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Accident Claims Life of Infamous Yellowstone Elk
Contact: Al Nash, 307-344-2015
Contact: Stacy Vallie, 307-344-2015
National Park Service
U.S. Department of the Interior
Yellowstone National Park
P.O. Box 168
Yellowstone National Park, WY 82190
FOR IMMEDIATE RELEASE
February 11, 2009 09-007
Al Nash or Stacy Vallie (307) 344-2015
YELLOWSTONE NATIONAL PARK NEWS RELEASE
Accident Claims Life Of Infamous Yellowstone Elk
A bull elk well known to fall visitors to Mammoth Hot Springs has died as the result of a freak accident.
The animal, known as “Number 6” due to his orange and black ear tag, was found dead Sunday night in Gardiner, Montana.
Montana Fish, Wildlife, and Parks staff members believe the animal tripped while trying to cross a fence and somersaulted onto his back, where he was pinned between rocks with his antlers beneath him and suffocated.
A necropsy indicated that bull was at least 15 years old and weighed 725 pounds. Elk have an average life span of 13 to 18 years, with bulls typically topping the scales at 700 pounds. His rack, although diminished in size from previous years, still gross scored an impressive 356-5/8 on the Boone and Crockett scale. At his peak, the animal would certainly have been considered a “trophy” by elk hunters.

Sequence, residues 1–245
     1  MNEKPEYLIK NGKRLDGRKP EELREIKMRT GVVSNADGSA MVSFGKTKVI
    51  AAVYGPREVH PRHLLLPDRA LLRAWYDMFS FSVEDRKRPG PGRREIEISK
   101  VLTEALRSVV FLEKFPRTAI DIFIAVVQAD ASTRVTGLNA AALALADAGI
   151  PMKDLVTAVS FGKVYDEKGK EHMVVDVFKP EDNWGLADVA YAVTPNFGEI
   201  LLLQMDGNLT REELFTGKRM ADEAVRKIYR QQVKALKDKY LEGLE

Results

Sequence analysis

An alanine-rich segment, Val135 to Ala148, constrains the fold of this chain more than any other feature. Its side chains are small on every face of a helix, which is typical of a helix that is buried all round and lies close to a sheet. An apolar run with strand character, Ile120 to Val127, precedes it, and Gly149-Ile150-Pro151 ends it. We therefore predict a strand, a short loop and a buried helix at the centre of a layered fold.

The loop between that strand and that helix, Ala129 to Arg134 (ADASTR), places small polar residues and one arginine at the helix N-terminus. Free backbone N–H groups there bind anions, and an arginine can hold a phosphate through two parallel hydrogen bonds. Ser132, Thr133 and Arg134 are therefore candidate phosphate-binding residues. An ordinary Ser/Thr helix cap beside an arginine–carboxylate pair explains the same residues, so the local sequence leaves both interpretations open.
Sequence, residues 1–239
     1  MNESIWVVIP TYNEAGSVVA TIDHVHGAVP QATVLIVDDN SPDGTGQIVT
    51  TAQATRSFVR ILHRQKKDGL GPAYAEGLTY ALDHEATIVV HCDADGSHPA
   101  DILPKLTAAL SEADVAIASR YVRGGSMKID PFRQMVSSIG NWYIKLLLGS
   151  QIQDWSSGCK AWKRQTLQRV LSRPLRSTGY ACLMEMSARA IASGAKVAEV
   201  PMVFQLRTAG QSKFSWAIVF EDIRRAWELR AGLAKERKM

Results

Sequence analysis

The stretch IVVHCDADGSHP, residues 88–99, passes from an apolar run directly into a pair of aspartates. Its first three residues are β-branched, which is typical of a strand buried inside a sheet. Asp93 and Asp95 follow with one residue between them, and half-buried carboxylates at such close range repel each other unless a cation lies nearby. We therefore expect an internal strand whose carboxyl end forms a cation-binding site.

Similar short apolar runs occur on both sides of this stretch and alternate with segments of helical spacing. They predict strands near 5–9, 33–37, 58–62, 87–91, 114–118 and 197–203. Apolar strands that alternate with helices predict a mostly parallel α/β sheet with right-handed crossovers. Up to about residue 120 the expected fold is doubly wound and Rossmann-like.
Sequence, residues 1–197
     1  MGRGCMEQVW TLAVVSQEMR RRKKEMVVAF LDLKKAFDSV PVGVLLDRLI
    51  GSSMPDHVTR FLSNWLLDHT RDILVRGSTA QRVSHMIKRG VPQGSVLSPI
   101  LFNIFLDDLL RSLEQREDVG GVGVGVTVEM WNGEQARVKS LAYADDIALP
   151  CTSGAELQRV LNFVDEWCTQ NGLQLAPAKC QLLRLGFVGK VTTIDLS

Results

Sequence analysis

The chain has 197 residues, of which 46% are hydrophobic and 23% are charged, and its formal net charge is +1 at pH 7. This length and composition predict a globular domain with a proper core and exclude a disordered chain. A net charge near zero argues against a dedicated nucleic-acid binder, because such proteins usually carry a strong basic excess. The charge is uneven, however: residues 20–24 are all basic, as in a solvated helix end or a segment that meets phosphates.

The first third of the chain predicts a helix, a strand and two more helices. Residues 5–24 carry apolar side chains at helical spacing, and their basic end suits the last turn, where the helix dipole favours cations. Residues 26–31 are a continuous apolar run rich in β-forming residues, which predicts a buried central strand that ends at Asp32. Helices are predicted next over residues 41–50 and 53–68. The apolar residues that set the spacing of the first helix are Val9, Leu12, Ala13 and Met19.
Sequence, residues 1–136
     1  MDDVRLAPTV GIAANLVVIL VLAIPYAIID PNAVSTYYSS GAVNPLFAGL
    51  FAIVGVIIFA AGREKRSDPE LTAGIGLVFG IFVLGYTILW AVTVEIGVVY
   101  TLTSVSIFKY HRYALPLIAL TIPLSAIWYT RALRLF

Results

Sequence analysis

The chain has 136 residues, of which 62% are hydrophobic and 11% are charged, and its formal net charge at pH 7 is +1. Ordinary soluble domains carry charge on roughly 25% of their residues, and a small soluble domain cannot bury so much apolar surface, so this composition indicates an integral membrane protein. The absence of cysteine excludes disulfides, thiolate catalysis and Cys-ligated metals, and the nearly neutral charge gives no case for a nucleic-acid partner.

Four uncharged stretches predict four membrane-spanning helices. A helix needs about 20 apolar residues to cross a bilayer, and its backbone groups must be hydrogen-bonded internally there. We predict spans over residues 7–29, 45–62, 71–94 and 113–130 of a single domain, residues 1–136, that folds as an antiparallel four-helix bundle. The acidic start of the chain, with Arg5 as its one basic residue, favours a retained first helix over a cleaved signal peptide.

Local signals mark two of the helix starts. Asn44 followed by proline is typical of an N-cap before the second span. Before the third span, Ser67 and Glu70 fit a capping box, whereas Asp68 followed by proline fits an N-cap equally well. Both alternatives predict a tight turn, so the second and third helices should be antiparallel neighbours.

Several large bulls with impressive antlers venture into Mammoth Hot Springs each fall to compete for the attention of cow elk during mating season. The aggressive behavior of these animals brings with it a threat to people and property.
Number 6, and his regular sparring partner Number 10, were both ear tagged several years ago. Number 6 had his antlers removed in August 2004 and again in August 2005 in an effort to reduce the danger he posed to park visitors. Number 10 was last seen in the Mammoth Hot Springs area shortly after the rut concluded.
In the fall, a dedicated group of park staff and volunteers can be seen patrolling the Mammoth area, reminding visitors to stay at least 25 yards away from the animals. Those who fail to abide by this requirement not only put themselves in danger, they may also be subject to a citation and fine.
Park regulations require people to stay at least 25 yards away from most animals and at least 100 yards away from bears and wolves at all times. Visitors desiring a closer look at animals should use binoculars, spotting scope, or the zoom lens on their still or video camera.
- www.nps.gov/yell -
Producers/Editors note: Publication quality versions of the images used in this news release are available upon request.
Did You Know?
Some groups of Shoshone Indians, who adapted to a mountain existence, chose not to acquire the horse. These included the Sheep Eaters, or Tukudika, who used dogs to transport food, hides, and other provisions. The Sheep Eaters lived in many locations in Yellowstone.